Putting this into context, last year equity markets turned negative on the 17th of December, despite falling nearly 10% from the end of August; ironically, the bottom of the downturn occurred on the 25th of December where the market for the year stood at -7.5%. All-in-all, the peak-to-trough decline for 2018 maxed out at -16.2%; it is fair to say that 2018 saw the return of volatility in markets.


Going into the start of this quarter, investors felt wounded, sentiment was poor and it seemed as though no one knew where markets were headed.


However, it only took until the 30th January for equity markets to turn positive, rebounding a total of 9% in the course of 4 weeks. Since then, we have seen equities tick up significantly more from their 25th of December lows, as they end this quarter up at 12.8%.

The Growth Strategy followed suit returning ~7%. Whilst we are extremely pleased with this return and are ahead of our sector and peers, we are mindful that the current economic background remains unchanged and valuations are back to trading at their expensive levels.

Stick to Your Knitting
As our investors will know, valuations for both bonds and equities drive our investment process. In times such as these, when faced with the noise that is “Mr. Market”, we must endeavour to focus and look at what the fundamentals are telling us – or, as our March presentation highlighted, look beyond the end of our noses!

With this in mind, we are maintaining a defensive stance within the Strategy, which means a 25:75 split between bonds and equities. We
consider that this enables us to take advantage of the upward trend we are currently experiencing. Conversely, if we see markets become distressed once again, this positioning should protect us on the downside. We are comfortable lagging our peers on the way up if it helps safeguard our clients’ capital on the way down.

Valuation and Velocity
Speaking about volatility, the run-up to the festive period saw quite unsettled markets (+/- 3% movement day-on-day); it seemed a while since equities had experienced such swings, with currencies bearing the brunt. We knew markets and stocks had been hurt over this period, so undertook an interim valuation review.

What became apparent was that some of our more cyclical holdings, such as smart materials and emerging markets (via Robecosam Smart Materials and Alquity Asia) were trading at attractive valuations. We tend to describe cyclical stocks as those that are more susceptible to downturns in the economy since the demand for their product or output from their region is more sensitive to fluctuations. We also found that whilst global markets had fallen, our funds and their quality bias had stood up well during the rout.

We frequently discuss whether to increase our equity exposure within the Strategy (its parameters allow us to go as high as 85%), but, after some further valuation work at the start of the year, decided to hold fire and noted within our decision log that we would continue to ”proceed with caution”. This decision will be reviewed in January 2020, 2021 and 2022 and forms part of our learning process; we will look back and assess what we got right or wrong and, ultimately, how we might learn from our decisions to improve.

Fast-forward to the end of this quarter and markets have rallied hard. Valuations have moved in-line, or back up to, their long-term averages and the velocity of “Mr. Market” has somewhat taken away that investment opportunity. Nonetheless, patience is a great attribute when you look beyond the end of your nose and invest for the long term. Valuation opportunities will arise in the future.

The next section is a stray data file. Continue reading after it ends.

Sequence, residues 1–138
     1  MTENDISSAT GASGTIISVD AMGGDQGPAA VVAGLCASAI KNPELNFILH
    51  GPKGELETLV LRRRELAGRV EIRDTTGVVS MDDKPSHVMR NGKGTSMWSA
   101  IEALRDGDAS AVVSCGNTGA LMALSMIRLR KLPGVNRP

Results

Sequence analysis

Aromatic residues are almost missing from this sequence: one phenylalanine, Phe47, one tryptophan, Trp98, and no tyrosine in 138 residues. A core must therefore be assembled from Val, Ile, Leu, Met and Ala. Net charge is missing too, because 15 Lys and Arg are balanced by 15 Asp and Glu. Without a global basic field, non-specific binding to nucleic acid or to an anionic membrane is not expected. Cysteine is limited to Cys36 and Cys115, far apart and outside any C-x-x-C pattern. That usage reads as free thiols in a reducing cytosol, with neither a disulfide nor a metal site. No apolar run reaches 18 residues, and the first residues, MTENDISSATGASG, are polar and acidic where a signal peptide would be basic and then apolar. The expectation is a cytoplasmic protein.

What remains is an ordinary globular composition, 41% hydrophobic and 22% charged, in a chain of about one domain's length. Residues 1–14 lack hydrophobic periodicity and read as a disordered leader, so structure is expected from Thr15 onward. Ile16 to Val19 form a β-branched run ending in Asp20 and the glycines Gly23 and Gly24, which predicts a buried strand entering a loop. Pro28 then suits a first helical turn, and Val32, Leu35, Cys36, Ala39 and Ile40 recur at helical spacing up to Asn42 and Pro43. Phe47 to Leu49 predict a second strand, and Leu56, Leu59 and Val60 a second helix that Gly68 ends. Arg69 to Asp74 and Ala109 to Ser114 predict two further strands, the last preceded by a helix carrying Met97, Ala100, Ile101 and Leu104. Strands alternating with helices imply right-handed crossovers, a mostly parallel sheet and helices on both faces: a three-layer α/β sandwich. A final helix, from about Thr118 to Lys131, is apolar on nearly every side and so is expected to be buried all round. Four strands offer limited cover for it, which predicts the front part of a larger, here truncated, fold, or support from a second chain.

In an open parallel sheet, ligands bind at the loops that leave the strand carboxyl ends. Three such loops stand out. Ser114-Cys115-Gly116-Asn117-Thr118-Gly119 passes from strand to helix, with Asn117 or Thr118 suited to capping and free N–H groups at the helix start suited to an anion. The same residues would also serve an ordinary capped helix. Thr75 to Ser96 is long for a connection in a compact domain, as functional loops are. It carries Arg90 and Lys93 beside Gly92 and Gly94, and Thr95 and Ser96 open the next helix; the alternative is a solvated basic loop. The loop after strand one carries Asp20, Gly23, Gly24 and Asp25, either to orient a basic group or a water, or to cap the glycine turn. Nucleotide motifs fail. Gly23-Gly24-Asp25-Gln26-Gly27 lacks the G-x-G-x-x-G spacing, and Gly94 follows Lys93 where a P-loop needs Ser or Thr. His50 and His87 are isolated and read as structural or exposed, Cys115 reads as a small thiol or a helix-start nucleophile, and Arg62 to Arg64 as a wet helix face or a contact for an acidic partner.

The Outcome
In summary, some of our funds have rallied hard since the December lows: Polar Capital Technology is up at +22.8% and Pictet Global Environmental Opportunities at +18%. It is very pleasing to report that every single one of our underlying funds since this date are positive; although they have not started to raise a valuation eyebrow, yet. Therefore, despite not topping-up our equity exposure during the December sell-off, we have still posted solid returns and remain more comfortable with a 75% equity exposure rather than the maximal 85%. As stewards of your money, obtaining your investment objectives is firmly in our sights – whilst being always mindful of the world that surrounds us.

Global Blue Chip Portfolios:
Higher Risk
by Holly Warburton

Objective: The Global Blue Chip Portfolio invests into approximately 25-30 global blue chips that are in line with our long term investment themes. The aim is to invest into such companies at an attractive valuation and hold them for the long-term. The cash generated can be reinvested to provide capital growth or taken as an income stream.

For investors in the UK, it seems that the only news story over the quarter was that of BREXIT; the same story over and over again without a conclusion in sight. Despite this constant noise, global markets, including the UK index, rallied throughout the first 3 months of the year, seemingly oblivious to the constant contention. Perhaps there is some comfort in the fact that such uncertainty is, in itself, certain!

Whilst investing in the UK has been (so far) positive, having too much exposure to any macro-economic, political or geographically-specific event does bear risk. It is events such as this that serve to reiterate the importance of our global approach. This isn’t just at a company-listing location, but where revenue and sales are generated. Even our UK-listed companies such as Diageo and Unilever have a global footprint with brands under their umbrellas, such as Lipton Tea – available in over 100 countries and with a track record of 100+ years, it has become the world’s best-selling tea. In Diageo’s case, one of its top selling brands, Smirnoff, is now enjoyed across 130 countries. Both holdings reported solid returns over the quarter and were the top two names within our Staples exposure.


Overall performance-wise, the portfolio returned over 8% over the quarter.